What does quality education mean to you? Would it mean the same thing to the person next to you? If the goal posts of quality are understood differently at various levels of the system, can quality really be achieved?
The idea of quality education in countries like Kyrgyzstan and Tajikistan has been thought of as a blend of academic learning (ilm/ta’lim/obuchenie which translates as knowledge and academic/subject matter learning) and social upbringing (akhloq/tarbiya/vospitanie which translates as ethics, ethical/social upbringing) since the pre-Soviet era. How do the post-Soviet opportunities and challenges of globalisation, plurality, and uncertainty affect these understandings, especially at the school and community levels?
If school leaders are responsible for shaping schooling, teachers for delivering quality instruction, and parents and students engaging and participating in these processes, we see that quality from the system-level down to the ground depends on a whole ecosystem of interpretations and practices of all these actors. Education policies may be well-intentioned, but without understanding and building upon views from classrooms and communities, how can we be sure they fit the knowledge, needs and aspirations of those the education system seeks to serve? Furthermore, we need to ask what quality implies for systems that are under-resourced and for teachers that are underprepared, who, nevertheless, are expected to prepare their Central Asian students, communities, and nations to address the enormous challenges at local, national, regional, and global scales.
Against this background, our particular research project, by consulting teachers, students, school leaders and parents, seeks evidence-based, actionable, and contextually relevant insights and strategies to improve holistic learning outcomes for children and young people within their classroom and school. The study aims to produce data and analyses that are relevant to the first of five themes laid out in the Schools2030 Call for Proposals, Effective teaching strategies to raise holistic learning outcomes. Our theme centring on quality in education is not only of great significance in itself, but also because it extends to other important themes, especially stakeholders’ perspectives on equity and inclusion in quality education, their ideas about how to ensure equitable, inclusive education, and how to address structural barriers to quality education.
Our research focuses on identifying local stakeholders’ (teachers, students, school leaders, and parents) perspectives towards quality education, the challenges to quality and possible responses to these challenges. We will look to understand what meaning and values the local stakeholders attach to the concept of quality, as well as identify effective, sustainable, culturally relevant, and contextually workable solutions that are taking place in the classroom, that may be replicable in countries like Kyrgyzstan and Tajikistan. Beyond this, the rich and grounded accounts of the local stakeholders’ perspectives will enable us to compare local stakeholders’ concepts of quality with those that exist in the region and globally and provide insights and implications for policy, programmes, and pedagogical practices on improving quality education in the schools and systems in Kyrgyzstan and Tajikistan.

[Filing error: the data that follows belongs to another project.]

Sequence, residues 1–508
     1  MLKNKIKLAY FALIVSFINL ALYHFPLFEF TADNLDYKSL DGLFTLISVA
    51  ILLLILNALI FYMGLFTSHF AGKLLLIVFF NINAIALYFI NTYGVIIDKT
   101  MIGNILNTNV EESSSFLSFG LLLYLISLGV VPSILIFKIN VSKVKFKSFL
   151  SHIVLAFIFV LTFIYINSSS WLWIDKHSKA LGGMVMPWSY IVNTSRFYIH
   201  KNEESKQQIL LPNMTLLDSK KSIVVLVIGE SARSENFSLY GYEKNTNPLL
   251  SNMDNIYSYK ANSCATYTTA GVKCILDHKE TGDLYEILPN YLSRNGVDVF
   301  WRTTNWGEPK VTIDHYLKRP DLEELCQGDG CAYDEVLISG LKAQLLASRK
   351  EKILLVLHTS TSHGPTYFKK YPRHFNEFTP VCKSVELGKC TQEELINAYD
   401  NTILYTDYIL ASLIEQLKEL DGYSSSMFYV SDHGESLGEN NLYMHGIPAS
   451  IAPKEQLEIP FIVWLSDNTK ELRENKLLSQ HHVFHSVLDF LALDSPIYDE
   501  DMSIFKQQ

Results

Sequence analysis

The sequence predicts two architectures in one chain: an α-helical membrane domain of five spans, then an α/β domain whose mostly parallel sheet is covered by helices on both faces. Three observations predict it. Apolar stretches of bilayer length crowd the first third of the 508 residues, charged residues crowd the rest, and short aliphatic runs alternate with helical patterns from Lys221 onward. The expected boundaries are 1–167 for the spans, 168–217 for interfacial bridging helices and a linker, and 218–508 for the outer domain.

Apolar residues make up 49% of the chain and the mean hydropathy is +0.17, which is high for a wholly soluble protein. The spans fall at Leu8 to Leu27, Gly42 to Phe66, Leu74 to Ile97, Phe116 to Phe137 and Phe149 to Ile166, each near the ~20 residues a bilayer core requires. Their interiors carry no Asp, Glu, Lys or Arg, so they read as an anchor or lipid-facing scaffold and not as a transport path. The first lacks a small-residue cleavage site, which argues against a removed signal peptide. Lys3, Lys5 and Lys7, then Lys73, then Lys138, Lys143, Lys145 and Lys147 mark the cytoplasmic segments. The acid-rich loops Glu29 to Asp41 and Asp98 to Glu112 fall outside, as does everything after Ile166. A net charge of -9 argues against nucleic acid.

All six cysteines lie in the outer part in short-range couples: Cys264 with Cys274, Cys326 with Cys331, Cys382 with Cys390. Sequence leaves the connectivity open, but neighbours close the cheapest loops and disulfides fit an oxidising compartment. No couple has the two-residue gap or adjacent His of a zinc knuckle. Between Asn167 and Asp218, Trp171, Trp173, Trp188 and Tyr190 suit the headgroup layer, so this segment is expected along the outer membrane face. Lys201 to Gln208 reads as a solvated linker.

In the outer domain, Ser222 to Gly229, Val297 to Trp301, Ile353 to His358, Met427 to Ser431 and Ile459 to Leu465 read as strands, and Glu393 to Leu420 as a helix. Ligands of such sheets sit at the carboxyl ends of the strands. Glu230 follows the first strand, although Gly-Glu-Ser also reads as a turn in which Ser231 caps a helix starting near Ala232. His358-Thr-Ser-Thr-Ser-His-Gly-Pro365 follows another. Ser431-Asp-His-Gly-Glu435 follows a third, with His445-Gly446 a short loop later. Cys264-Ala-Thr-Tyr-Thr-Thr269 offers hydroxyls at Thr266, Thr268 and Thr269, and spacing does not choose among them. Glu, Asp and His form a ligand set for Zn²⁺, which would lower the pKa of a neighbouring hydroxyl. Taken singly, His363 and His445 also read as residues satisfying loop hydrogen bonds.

Our research asks: What classroom and school-based practices and ideas are effective, sustainable, culturally relevant, and contextually workable? How can such solutions be developed in countries like Kyrgyzstan and Tajikistan? We will gather data through focus groups and interviews, observations, survey questionnaires, and local education-related documents. Our method is itself equitable and inclusive, as it treats the local stakeholders as significant partners in the education process and engages them in articulating and reflecting on their experiences, attitudes, and aspirations.
The research takes place amid the frequently reported increasing gaps in learning outcomes between the Global South and North, Central Asia and OECD countries. Within Central Asia, gaps in quality learning are increasing between regions and across gender, urban and rural localities, languages, school types and other dimensions and differences. The implications of these inequalities are alarming in terms of individual and family aspirations for a better quality of life, social and intercultural/interethnic cohesion, and peaceful national and regional development and prosperity. Our overarching theme of stakeholder perspectives on quality education, therefore, intends to inform the entire educational process and the ability of schools and communities to develop school-based initiatives that both support learners’ growth and are satisfactory to the needs and aspirations of students, their parents and communities, school leaders and teachers, education administrators and policymakers.
Such multi-stakeholder dialogue on policy and planning is expected to have a transformative impact through its contribution to collaborative deliberation within and across stakeholder groups leading to local empowerment and capacity development at the individual, school, and community levels.
*ideas expressed are the authors’ and not necessarily reflective of those of CIDEC.